I coulda sworn three extra infusion sets would be enough for a change and an emergency over a four-day trip. I was wrong. With my luck, even four additional sets probably wouldn’t have been enough. It’s a good thing that, for once, I threw a couple of insulin syringes in my pump supply kit or I really would have been SOL.
OK, Cali the granddaughter and I are back from our long weekend in the big city. We actually got back to the Indianapolis airport (which has been transformed into Super Bowl Marketing City) Monday night. I’m a day late on getting this week’s blog entry in because I was too lazy to write it last week, too busy to write it while I was gone, and just couldn’t stay awake yesterday.
Because we had an early flight on Friday, we left after Cali got out of school Thursday and spent the night at a Hilton brand hotel near the airport. I name the brand because of the good customer service we received: The room we were given did not have a roll-in shower. It was an accessible room, but the shower had a lip on it. As we were waiting for our cab Friday morning, I pointed out to the night auditor that I was unable to roll over the lip and the shower seat was too far away for me to transfer over to it.
When I finally dug down to an e-mail from the hotel manager after returning home (and sleeping), I found out that I had been given the wrong type of accessible room and, because of that, had not been charged for the room. Wow! Also, my experience was used to do some employee training.
It was interesting for me to find out that I had stayed in a “transfer” room. I need to find out more about that. I do know there was a huge living room-type room and a very large whirlpool tub in the bathroom.
But back to my emergency planning skills… As I said, I’d taken three infusion sets for my insulin pump, in addition to the one I was using at the time. I left Thursday with a fresh set in, I would be back Monday, and each set is to be used three days, so I had plenty extra. Right? HA!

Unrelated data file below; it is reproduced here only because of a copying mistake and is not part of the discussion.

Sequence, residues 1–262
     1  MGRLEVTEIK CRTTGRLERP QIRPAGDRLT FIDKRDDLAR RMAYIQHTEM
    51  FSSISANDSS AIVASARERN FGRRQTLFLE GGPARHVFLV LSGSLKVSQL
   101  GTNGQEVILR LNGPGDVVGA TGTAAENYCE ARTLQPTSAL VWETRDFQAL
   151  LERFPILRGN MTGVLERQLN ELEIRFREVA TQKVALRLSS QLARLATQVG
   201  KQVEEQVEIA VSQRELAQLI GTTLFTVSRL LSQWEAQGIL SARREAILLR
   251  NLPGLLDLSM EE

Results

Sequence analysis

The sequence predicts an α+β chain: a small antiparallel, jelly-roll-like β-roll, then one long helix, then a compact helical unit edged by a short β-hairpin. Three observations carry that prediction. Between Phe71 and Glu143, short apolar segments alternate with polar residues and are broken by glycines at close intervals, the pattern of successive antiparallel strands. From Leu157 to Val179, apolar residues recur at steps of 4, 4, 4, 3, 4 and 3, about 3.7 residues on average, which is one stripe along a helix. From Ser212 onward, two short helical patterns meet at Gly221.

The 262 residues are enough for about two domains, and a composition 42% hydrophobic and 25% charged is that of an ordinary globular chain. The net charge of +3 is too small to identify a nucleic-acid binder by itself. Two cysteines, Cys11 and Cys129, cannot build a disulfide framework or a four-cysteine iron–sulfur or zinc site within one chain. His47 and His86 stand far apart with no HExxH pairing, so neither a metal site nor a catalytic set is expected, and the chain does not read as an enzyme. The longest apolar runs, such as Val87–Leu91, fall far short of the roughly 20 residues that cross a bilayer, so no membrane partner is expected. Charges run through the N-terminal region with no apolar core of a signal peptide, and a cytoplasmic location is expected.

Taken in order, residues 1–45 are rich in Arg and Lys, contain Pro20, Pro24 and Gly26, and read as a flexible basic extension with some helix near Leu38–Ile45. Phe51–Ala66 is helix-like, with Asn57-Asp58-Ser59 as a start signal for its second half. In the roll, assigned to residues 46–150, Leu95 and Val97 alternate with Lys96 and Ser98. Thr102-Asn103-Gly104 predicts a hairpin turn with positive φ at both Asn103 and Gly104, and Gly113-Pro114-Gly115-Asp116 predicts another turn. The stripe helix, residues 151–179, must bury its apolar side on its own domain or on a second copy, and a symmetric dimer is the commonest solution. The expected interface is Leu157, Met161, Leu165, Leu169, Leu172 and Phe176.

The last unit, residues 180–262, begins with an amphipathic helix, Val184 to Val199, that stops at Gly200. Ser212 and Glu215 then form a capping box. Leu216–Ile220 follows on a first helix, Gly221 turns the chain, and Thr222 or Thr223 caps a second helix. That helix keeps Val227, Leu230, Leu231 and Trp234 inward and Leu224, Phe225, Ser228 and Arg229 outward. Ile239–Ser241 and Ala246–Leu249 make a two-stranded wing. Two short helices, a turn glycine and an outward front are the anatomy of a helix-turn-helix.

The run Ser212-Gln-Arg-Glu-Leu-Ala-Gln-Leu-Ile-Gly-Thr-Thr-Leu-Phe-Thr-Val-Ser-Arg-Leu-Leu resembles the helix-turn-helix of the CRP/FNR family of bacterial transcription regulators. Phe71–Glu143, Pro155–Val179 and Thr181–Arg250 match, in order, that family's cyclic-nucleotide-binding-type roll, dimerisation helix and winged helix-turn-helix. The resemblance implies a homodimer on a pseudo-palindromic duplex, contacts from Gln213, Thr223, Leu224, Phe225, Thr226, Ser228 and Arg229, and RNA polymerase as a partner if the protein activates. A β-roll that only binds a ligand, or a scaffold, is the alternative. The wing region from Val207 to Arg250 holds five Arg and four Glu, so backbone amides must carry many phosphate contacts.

For those of you who don’t know how it works, an insulin pump has a reservoir in it that holds insulin. From there, the insulin flows through plastic tubing and into a Teflon catheter that’s placed under the skin using an introducer needle (the needle is taken out and disposed of after the catheter is placed). The catheter says in because it’s attached to a plastic doohickey that sticks onto your skin.
Anyway, darned if I could make an infusion set stay on (and in) me. I don’t recall why the others didn’t stay put, but the last one was the toilet seat’s fault. It was one of those horseshoe-shaped seats that’s open in the front. Somehow, when I leaned forward from my scooter, grabbed the bar behind the toilet, twirled around and sat down, the tubing got wrapped around the seat. All efforts to disentangle it were hopeless and, with nothing to get the insulin from the pump into me, all I could do was turn off the pump and pack it away in my kit (actually, a plastic box of the size used to store index cards).
Luckily, as I said above, I had the foresight to throw in a couple of insulin syringes, so I could inject insulin. It was, however, a bit of a hassle to remember to do that: I’ve been pumping for…hmmmm…I think it was 13 years last December 1. So I’m not all that accustomed to injecting insulin.
Then, shortly after I had to put my pump away, my continuous glucose monitor sensor came off. I think I had another one with me, but couldn’t remember where I’d put it, so I put the monitor and transmitter away, too. Which meant I had to do fingersticks.
I felt nekkid without the gear on. And rather like a sieve with all of the injections and finger pokes.
Well, enough about that. How about we move along to airport security?
Holey Junior Birdman! What in the Sam Hill has happened since I last flew in August?!
Since I use a mobility scooter, I always get patted down, but I ain’t never been patted down like I was this trip! I dunno if those security wimmen were looking for explosive devices or trying to give somebody a thrill! They touched everything — meaning every part of my body — I sat on. Everything!
Be happy if you can walk through a scanner. Don’t let anything happen to you that could change that.
On the other hand, they do know about diabetes supplies. The x-ray dudes were confused about something in my supplies and charger paraphernalia bag and I thought it might be my insulin pump. “There’s an insulin pump in there. It’s turned off, but it beeps once in a while,” I told them and they basically said: “Yeah, yeah, yeah. No problems.” Turns out it was an unfinished bottle of lemonade I’d forgotten about.
Next trip: Fort Lauderdale, Florida, to Vancouver, British Columbia, Canada, via the Panama Canal. Including extra time in Florida, the cruise, and a couple of days in Seattle, I’ll be gone nearly three weeks. I wonder how many infusion sets to take. A case? Or should I just have my supplier on speed dial?
Source URL: https://www.diabetesselfmanagement.com/blog/how-much-of-too-much-isnt-enough/
Jan Chait: Jan Chait was diagnosed with Type 2 diabetes in January 1986. Since then, she has run the gamut of treatments, beginning with diet and exercise. She now uses an insulin pump to help treat her diabetes. (Jan Chait is not a medical professional.)
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